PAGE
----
It appears 2020 has a few more tricks up its sleeve for physical therapists and occupational therapists. According to an announcement from the Centers for Medicare and Medicaid Services (CMS), the agency has decided to reinstate changes to National Correct Coding Initiative (NCCI) edit pairs that are frequently used by rehab therapists.
CMS has thrown down the gauntlet for PTs and OTs. It yet again challenged us, clear as day, to fight for our Medicare payments and prove our worth as healthcare providers. Sure, CMS isn’t looking for a literal round of fisticuffs—but its planned payment reduction will inflict harm just the same.
PDGM. It’s a dirty, four-letter word (acronym, actually) that all skilled home care agency owners hate to hear. The Patient-Driven Groupings Model (PDGM) launched January 1, 2020, to a tremendous amount of apprehension and protest from those in the home care world.
Every year near the end of July, the Centers for Medicare and Medicaid Services (CMS) releases a document with all of the proposed policy changes that it wants to implement. And this year, the proposed rule is a roller coaster for rehab therapists.
When someone mentions the words “physical therapy billing,” terms like “easy” or “simple” probably don’t leap to mind. After all, every payer has its own way of doing things, and the rules are rarely straightforward—especially when you start throwing in other terms like “8-minute rule” or “mixed remainders.”
Adding new cash-pay services to your clinic’s repertoire can be a challenge. Not only do you have to ensure that you have the legal freedom to provide cash-based services (because you might not), but you also have to price and market them in a way that ensures patients will not only pay for those services out of pocket, but also receive value commensurate to the cost.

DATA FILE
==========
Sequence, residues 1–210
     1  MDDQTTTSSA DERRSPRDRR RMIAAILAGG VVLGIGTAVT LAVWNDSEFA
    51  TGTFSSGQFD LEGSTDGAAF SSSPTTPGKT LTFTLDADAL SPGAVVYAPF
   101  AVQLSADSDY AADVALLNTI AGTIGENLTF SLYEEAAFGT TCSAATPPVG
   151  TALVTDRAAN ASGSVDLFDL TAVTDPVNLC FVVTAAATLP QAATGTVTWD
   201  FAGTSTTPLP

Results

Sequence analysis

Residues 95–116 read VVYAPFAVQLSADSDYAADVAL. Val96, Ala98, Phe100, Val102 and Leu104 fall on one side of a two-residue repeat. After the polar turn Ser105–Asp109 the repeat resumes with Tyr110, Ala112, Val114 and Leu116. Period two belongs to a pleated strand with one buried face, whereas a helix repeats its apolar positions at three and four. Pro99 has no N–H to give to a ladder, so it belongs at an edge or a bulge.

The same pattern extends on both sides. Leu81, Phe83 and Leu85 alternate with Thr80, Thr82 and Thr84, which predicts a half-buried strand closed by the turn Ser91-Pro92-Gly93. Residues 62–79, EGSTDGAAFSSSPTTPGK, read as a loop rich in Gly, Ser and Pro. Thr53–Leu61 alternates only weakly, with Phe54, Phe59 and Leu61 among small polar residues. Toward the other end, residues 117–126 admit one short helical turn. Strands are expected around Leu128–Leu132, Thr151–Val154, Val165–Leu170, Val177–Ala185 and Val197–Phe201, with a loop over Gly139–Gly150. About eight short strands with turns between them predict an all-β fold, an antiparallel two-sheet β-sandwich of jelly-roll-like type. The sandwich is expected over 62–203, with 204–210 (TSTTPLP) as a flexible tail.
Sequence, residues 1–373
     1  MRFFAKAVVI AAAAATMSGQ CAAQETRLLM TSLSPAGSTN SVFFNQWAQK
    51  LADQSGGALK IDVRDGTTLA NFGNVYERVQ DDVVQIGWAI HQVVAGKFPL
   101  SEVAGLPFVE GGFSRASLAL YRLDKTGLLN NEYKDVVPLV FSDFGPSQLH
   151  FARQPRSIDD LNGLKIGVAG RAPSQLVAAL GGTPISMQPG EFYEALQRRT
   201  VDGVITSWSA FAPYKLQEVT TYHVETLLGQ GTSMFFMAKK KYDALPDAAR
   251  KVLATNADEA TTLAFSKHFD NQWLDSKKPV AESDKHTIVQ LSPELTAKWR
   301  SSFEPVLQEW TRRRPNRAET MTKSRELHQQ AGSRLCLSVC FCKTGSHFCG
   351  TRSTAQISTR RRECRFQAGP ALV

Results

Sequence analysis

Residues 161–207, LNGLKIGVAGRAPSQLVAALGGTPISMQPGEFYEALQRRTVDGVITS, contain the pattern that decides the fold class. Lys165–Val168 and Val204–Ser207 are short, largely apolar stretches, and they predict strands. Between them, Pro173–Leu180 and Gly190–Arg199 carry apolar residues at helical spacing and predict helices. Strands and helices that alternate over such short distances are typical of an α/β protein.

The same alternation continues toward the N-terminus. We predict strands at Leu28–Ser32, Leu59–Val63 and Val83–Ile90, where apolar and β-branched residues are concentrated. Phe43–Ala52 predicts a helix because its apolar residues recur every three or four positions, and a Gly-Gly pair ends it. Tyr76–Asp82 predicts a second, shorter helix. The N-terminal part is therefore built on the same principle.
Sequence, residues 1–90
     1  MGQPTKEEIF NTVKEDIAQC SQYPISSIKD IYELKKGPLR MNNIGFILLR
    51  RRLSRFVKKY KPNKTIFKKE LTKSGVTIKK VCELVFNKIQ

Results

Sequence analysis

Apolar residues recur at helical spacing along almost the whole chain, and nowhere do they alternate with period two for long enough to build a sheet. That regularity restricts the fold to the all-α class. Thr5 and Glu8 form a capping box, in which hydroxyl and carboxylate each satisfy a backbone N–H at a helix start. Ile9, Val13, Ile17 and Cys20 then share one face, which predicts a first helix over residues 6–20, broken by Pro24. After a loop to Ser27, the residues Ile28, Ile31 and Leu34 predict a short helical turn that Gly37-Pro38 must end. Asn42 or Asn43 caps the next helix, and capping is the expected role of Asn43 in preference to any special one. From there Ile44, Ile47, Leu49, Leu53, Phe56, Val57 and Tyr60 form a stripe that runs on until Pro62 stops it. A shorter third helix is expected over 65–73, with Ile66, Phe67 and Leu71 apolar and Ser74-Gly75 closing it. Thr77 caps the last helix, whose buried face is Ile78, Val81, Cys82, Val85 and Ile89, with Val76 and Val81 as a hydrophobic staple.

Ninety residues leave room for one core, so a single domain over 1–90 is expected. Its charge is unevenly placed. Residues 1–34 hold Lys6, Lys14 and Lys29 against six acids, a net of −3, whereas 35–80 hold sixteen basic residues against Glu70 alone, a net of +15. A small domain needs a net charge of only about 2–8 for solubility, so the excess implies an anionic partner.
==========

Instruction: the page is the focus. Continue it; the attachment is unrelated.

Slowly but surely, the country is starting to open up again following weeks of state-issued orders to stay home or shelter in place. For many, one of the first changes is allowing elective surgeries and other “non-essential” medical procedures to resume—something that,
On Thursday, April 30, the Centers for Medicare and Medicaid Services officially made physical therapists, occupational therapists, and speech-language pathologists eligible to deliver—and receive reimbursement for—telehealth services for the remainder of the public health emergency period. This change—along with all other temporary provisions included in the full CMS bulletin—is retroactive to March 1, 2020.
Who’s ready for some good news? According to reports from the American Physical Therapy Association (APTA), the Centers for Medicare and Medicaid Services (CMS) has lifted the remaining restrictive NCCI changes the entity implemented this past January.
Because of the coronavirus, many rehab therapy clinics are in dire financial straits. Appointment cancellations are spiking, cash flow is dwindling, and practices are struggling to pay employees. So, when the President signed the Coronavirus Aid, Relief, and Economic Security (CARES) Act into law on Friday, March 27, 2020, many healthcare providers were thrilled to learn it included provisions for accelerated and advance payments from Medicare.
On the evening of Friday, March 27, President Trump signed into law the Coronavirus Aid, Relief, and Economic Security (CARES) Act—a $2.2 trillion dollar spending bill providing much-needed financial support for businesses and individuals affected by the COVID-19 crisis.